Of course as the 5 cm PAK 38 became more common, former converted vehicles for the 3.7 cm swapped to the larger and more capable 5 cm (2.5 inches). They proved able to stop a T-34 tank frontally at 500 mm with the tungsten capped AP shell. In some cases there were also extra armor protection applied to front of the radiator and the windshield. These vehicles started to appear in organic panzerjager batallions organic to panzerdivisions in 1942. No upgrade to the 7.5 cm PAK 40 or 41 was possible however due to the weight of the gun compared to the chassis. It was towed instead. A well-armored version with a PAK 38 was a serious proposition in a defensive line. In some Panzerjäger units equipped with the Sd.Kfz.251/10, the losses sustained meant substitutes were to be found, and in that case, the ersatz chosen was naturally this Leiche Zugkraftwagen mit 3.7 cm, and later the same was done to replace lost Sd.Kfz.251/22 armed with the 7.5 cm (in that case replaced by the 5 cm). In both cases the vehicle was used as replacement on the field so not deployed outright.

Practices of field armouring

The German military in all cases became aware of these improvised armour devised in the field. They issued a recommendation against it and in 1944 published one in the Nachrichtenblatt der Panzertruppen (Newsletter for the Armored Forces). Officers knew that they armour boosted the crews' morale, just as those riding tanks which were still allowed to strap as many spare track links as possible. Post-war analysts all estbalished improvised armour techniques were not effective. Until then, improvised Schürzen (skirting) over existing plates was also was forbidden on the grounds that welding the original factory plate armour could weaken it, but brackets carrying plates afar from the real armour (space armour) was in fact permitted and became a phenomenon in 1944, especially to defend against infantry weapons such as the allied bazooka or piat and Soviet 14,5 mm antitank rifles.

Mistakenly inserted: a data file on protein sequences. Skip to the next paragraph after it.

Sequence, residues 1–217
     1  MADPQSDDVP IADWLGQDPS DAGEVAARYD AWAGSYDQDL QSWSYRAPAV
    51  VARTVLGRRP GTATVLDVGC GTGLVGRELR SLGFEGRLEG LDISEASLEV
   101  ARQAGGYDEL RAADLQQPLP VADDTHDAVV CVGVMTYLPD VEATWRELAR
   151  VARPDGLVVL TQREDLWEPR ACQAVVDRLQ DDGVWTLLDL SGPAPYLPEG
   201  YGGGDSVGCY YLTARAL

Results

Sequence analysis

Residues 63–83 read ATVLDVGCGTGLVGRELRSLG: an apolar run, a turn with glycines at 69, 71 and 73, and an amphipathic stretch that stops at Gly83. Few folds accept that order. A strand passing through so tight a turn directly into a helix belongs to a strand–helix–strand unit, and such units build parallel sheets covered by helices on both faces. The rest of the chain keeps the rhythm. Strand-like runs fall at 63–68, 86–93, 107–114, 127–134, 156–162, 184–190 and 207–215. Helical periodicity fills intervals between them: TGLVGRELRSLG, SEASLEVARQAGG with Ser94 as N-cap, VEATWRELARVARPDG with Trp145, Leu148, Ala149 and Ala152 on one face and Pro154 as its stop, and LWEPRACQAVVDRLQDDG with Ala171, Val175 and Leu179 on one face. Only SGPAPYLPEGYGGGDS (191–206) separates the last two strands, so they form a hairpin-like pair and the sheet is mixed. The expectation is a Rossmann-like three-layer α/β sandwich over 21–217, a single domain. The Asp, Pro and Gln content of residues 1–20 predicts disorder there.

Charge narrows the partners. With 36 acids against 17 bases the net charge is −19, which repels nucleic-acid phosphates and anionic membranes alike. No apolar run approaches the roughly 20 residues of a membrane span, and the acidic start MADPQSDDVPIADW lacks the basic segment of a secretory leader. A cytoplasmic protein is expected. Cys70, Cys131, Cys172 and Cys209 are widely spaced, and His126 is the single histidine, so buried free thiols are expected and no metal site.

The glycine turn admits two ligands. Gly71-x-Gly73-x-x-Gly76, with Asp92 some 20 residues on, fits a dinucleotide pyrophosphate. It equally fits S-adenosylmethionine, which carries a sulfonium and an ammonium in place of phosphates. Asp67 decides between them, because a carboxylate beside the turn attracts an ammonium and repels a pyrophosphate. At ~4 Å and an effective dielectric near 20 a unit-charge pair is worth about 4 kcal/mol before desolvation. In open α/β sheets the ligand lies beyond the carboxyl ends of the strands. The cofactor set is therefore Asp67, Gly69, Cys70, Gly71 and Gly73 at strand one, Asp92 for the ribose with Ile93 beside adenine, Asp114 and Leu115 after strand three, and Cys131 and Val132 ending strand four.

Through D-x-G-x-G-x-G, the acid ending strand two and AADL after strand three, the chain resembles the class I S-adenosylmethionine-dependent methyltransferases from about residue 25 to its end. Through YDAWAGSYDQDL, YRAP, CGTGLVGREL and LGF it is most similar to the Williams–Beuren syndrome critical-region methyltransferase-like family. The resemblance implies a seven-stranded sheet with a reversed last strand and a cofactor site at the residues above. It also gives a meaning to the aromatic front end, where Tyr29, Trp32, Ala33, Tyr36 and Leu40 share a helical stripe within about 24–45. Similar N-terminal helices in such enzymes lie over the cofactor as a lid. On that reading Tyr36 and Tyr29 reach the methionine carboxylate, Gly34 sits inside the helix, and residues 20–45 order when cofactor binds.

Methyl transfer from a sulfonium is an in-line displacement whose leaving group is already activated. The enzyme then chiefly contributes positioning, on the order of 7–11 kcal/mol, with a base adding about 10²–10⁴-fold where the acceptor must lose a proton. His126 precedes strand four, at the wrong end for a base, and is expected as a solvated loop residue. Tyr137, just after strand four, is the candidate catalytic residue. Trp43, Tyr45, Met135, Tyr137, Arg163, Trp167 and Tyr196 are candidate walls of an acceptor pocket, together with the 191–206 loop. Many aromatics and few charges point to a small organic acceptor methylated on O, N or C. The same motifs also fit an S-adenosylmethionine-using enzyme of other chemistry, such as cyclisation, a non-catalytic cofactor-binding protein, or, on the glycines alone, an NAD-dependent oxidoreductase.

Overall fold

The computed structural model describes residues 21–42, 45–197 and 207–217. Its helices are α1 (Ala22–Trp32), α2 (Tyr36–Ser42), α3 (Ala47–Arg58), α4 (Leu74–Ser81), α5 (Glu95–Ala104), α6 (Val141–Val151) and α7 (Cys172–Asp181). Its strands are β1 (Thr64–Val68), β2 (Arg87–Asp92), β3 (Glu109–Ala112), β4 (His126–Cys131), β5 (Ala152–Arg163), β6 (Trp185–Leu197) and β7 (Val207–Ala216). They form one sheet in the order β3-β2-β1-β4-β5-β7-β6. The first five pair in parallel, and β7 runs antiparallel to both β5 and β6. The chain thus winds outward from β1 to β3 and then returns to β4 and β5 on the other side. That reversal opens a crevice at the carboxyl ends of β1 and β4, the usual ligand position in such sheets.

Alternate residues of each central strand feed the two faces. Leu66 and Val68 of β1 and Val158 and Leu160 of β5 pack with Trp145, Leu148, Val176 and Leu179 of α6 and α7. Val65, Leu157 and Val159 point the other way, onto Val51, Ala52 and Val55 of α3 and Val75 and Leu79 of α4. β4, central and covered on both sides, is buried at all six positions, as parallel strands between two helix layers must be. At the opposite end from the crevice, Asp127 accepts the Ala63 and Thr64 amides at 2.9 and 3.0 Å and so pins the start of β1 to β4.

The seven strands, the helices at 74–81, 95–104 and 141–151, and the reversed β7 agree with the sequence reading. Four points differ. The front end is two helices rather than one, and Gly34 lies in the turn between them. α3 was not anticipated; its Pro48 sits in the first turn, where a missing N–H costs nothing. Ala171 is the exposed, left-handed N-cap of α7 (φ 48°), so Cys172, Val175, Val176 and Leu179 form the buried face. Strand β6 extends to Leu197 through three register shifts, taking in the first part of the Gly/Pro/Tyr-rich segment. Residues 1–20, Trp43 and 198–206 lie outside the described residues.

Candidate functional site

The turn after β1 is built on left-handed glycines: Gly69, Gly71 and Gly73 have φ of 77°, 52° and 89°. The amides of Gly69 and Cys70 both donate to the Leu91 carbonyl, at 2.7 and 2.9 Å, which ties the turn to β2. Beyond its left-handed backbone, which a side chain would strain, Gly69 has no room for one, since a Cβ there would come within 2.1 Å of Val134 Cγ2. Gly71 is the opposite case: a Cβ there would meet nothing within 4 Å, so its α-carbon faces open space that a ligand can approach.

Here again, plating could be of various qualities, as well as welding. Specifcally treated steel for spare plating was sent as provision for field repair batallions for the largest rear échelon repair centers of the Wehrmacht, but for smaller workshops, which were in immense majority, locals only used whatever was available. This assure use that, in the absence of official records, we can assume a very few percentage of actual specially treated steel was used, unless oxycutting wrecked, recovered tanks. This too was rare, as all tanks that could be repaired (both German or Soviet) were converted or repaired, rarely cut as scrap metal.

A dubious combat use

At the end of the day, the whole "gepanzerte" concept, although recoignised by the army, was neither ecnouraged by the ordnance or the manufacturer: The vehicle was not meant to receive a certain amount of weight outside what was prescribed, where it should be. In the case of armoured Sd.Kfs.10 which were the lightest of the lot (compared to the special vehicles 11, 6, 7, 8 and 9), the front could be overtaxed of about 200 kgs of armour plating. This put a strain on the suspensions, overtaxed the engine, drivetrain, transmission, tires and axles, which traduced to an increase rate of parts failure, also burdening an already overstretched maintenance chain. This phenomenon was indeed mostly proper to the eastern front, where most of the sd.Kfz.10 were used, and where either urban and partisans warfare forced these measures.